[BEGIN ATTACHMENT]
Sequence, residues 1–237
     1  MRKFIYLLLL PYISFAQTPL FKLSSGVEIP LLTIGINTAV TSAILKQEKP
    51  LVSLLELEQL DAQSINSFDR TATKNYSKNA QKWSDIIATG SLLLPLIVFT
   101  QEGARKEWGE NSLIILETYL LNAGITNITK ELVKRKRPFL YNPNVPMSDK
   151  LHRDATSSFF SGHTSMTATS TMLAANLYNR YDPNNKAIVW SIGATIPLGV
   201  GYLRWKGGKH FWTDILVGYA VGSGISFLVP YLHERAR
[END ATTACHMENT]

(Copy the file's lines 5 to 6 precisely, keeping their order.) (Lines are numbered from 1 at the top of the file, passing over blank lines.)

   151  LHRDATSSFF SGHTSMTATS TMLAANLYNR YDPNNKAIVW SIGATIPLGV
   201  GYLRWKGGKH FWTDILVGYA VGSGISFLVP YLHERAR